I move, hand over hand, down the wall, counting cold metal doors as I go. By the time I lose count, I have reached the gaping artillery hole. The cool draft brings the hair on my neck to attention, and curdles my blood. I hear nothing but the echoing swirl of the wind from below. I feel my way around the edge, arm dangling in the yawning emptiness. The edge is slick, and wet, and even as I smell the blood, I think how dry and parched I am. The thought is pursued by a shiver of revulsion. It takes me a very short while to admit to myself that I have no intention of going in the hole, and I find my breath again.
At the entrance, the stack of bodies is scattered into a field of broken and marrowless bones that crack dryly underfoot. The door remains useless, mangled and twisted. I think of Inna, waking in the dark without me, and I turn back.
But it’s in the hallway ahead of me.
I hear the padding feet and a tiny drum roll of clicking nails as it emerges, slinking in near silence from the sighing hole.
It’s moving away from me. This comes to me in a wave, and hits me like a physical blow.
It’s moving towards Inna.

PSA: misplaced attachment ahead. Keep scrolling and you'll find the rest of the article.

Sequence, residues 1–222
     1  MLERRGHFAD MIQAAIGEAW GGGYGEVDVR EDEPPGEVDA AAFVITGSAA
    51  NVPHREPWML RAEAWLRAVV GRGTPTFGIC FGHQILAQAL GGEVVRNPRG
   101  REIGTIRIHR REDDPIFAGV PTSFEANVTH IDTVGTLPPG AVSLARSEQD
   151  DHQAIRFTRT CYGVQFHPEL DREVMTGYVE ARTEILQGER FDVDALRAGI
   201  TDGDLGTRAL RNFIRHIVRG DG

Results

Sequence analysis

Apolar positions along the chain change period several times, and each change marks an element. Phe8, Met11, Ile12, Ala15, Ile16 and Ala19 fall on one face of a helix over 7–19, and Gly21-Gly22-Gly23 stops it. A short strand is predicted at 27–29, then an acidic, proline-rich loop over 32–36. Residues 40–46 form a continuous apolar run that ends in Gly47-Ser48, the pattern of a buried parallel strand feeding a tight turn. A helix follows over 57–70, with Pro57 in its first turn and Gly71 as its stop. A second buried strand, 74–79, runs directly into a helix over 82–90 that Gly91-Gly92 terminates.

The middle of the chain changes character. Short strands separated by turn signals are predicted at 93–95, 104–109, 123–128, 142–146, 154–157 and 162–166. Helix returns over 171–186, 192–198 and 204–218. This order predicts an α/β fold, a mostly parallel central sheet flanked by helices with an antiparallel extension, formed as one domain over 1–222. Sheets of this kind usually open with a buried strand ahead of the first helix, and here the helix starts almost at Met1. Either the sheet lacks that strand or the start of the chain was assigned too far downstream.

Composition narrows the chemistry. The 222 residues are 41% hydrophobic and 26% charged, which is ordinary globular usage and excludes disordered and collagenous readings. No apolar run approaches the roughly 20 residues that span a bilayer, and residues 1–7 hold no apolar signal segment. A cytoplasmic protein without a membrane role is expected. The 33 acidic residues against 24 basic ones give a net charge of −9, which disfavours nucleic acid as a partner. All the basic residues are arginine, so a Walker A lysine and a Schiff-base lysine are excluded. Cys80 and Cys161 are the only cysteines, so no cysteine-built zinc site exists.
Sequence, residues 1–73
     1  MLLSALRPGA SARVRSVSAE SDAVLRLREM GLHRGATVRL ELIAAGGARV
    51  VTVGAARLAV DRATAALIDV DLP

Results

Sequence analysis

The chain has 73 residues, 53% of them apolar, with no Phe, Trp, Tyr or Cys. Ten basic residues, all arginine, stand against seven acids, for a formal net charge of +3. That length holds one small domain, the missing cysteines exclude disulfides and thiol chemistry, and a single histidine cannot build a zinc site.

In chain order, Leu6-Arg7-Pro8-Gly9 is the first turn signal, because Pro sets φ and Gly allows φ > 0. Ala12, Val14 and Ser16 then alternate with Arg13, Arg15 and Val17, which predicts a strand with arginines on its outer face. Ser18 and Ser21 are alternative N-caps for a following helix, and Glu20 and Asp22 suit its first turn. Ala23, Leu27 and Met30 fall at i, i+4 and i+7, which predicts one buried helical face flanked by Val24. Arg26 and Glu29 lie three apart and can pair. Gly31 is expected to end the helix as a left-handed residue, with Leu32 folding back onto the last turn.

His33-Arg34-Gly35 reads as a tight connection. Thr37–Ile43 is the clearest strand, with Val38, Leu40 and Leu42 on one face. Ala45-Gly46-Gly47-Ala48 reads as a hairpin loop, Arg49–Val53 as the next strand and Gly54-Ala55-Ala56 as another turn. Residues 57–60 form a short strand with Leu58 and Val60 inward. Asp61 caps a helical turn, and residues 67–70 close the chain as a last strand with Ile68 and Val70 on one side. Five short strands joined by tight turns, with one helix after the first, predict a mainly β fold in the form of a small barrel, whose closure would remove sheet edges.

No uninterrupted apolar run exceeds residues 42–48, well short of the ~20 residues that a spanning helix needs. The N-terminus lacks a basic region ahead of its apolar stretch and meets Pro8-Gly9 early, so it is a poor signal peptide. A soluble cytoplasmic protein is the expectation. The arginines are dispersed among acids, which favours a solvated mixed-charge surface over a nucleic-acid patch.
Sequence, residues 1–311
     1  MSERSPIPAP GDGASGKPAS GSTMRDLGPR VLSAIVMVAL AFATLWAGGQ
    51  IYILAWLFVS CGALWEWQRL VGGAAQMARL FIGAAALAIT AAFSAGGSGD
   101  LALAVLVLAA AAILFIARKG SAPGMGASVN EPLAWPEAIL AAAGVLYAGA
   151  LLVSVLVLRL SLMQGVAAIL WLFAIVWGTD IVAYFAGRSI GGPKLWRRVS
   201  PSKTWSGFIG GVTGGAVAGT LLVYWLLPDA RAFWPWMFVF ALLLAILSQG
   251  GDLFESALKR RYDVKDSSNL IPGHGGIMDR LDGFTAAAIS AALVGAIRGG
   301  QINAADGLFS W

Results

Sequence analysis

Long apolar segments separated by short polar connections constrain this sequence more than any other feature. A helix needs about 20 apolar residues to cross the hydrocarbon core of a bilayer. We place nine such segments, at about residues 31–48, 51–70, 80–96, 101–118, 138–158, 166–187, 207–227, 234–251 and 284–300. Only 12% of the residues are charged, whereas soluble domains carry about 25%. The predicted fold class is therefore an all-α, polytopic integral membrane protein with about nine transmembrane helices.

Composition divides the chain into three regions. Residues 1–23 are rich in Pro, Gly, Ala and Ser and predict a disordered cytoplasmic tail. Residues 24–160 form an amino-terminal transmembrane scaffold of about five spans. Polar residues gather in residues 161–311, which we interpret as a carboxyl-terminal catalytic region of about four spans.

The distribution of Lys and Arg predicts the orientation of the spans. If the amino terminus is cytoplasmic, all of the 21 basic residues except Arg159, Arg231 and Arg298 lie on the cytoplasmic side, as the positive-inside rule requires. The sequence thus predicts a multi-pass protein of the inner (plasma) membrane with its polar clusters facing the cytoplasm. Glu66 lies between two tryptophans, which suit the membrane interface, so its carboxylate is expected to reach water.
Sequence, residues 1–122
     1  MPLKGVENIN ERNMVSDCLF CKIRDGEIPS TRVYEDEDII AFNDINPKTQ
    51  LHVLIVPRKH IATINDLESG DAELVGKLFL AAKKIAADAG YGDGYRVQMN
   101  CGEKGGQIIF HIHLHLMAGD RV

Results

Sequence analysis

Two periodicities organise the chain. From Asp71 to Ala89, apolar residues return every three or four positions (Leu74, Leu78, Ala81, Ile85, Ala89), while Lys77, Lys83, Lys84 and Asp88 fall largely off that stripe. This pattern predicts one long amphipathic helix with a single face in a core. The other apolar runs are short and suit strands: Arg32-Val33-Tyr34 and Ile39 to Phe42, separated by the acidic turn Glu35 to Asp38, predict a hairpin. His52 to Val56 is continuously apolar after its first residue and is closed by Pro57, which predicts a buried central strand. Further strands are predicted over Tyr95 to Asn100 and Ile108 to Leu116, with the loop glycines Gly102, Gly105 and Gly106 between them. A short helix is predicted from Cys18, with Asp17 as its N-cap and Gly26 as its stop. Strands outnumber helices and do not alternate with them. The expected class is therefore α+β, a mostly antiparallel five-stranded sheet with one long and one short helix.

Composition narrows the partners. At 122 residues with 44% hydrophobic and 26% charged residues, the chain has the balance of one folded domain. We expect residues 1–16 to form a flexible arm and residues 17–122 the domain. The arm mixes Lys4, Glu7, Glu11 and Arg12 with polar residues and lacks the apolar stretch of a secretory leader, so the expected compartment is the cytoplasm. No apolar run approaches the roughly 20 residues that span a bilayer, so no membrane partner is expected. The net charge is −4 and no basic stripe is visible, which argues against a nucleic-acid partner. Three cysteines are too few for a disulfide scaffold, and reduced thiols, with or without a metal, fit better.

I have cleared the field of bones before I have time to be afraid. I trust my memory and leap over the debris from the explosion, toes cracking painfully into loose slabs of rock, spilling forward and tumbling. I am running now, sprinting in pursuit with my lungs burning and my wasting muscles screaming. It moves effortlessly ahead and away from me in the darkness, and I carom off the walls, scraping flesh from my forearms and hands.
Inna is screaming in the distance, Grigory is barking broken and ragged curses. Their cries make points on the map in my mind, and I surge forward in one last push of my crumbling body.
When I am close, when I hear the thing biting deep from Grigory’s neck, hot lifeblood coursing to the black floor, I turn my shoulder and tense for the impact. I throw myself forward, colliding with the hunter in the dark just as it stands to meet me.
It is cold and naked, its skin like marble, bones and angles sharp as knives. It squeals and hisses with the impact and I struggle to throw my arms tightly around it. Thin, powerful limbs thrash like snakes beneath me, but I burn my body to squeeze tighter, and drag it to floor.
It kicks and squeals, a sound like a rabid animal. I reach my hand up up to it’s hairless throat and squeeze. It jerks and seizes, whip thin muscled limbs battering my body and crushing ribs, and it snaps it’s jaws at my hand, but I hold fast.
The throat makes a cracking noise, like a cascade of little pops, and I dig in my fingernails and tear.
It spasms now, blindly flailing for me in the darkness as its ruined throat leaks onto the floor. I collapse as one knobby limb strikes me and I crash to the floor. My body is slowly winding to a stop, and I can do nothing but listen to the thing make pitiful noises as it shudders and dies.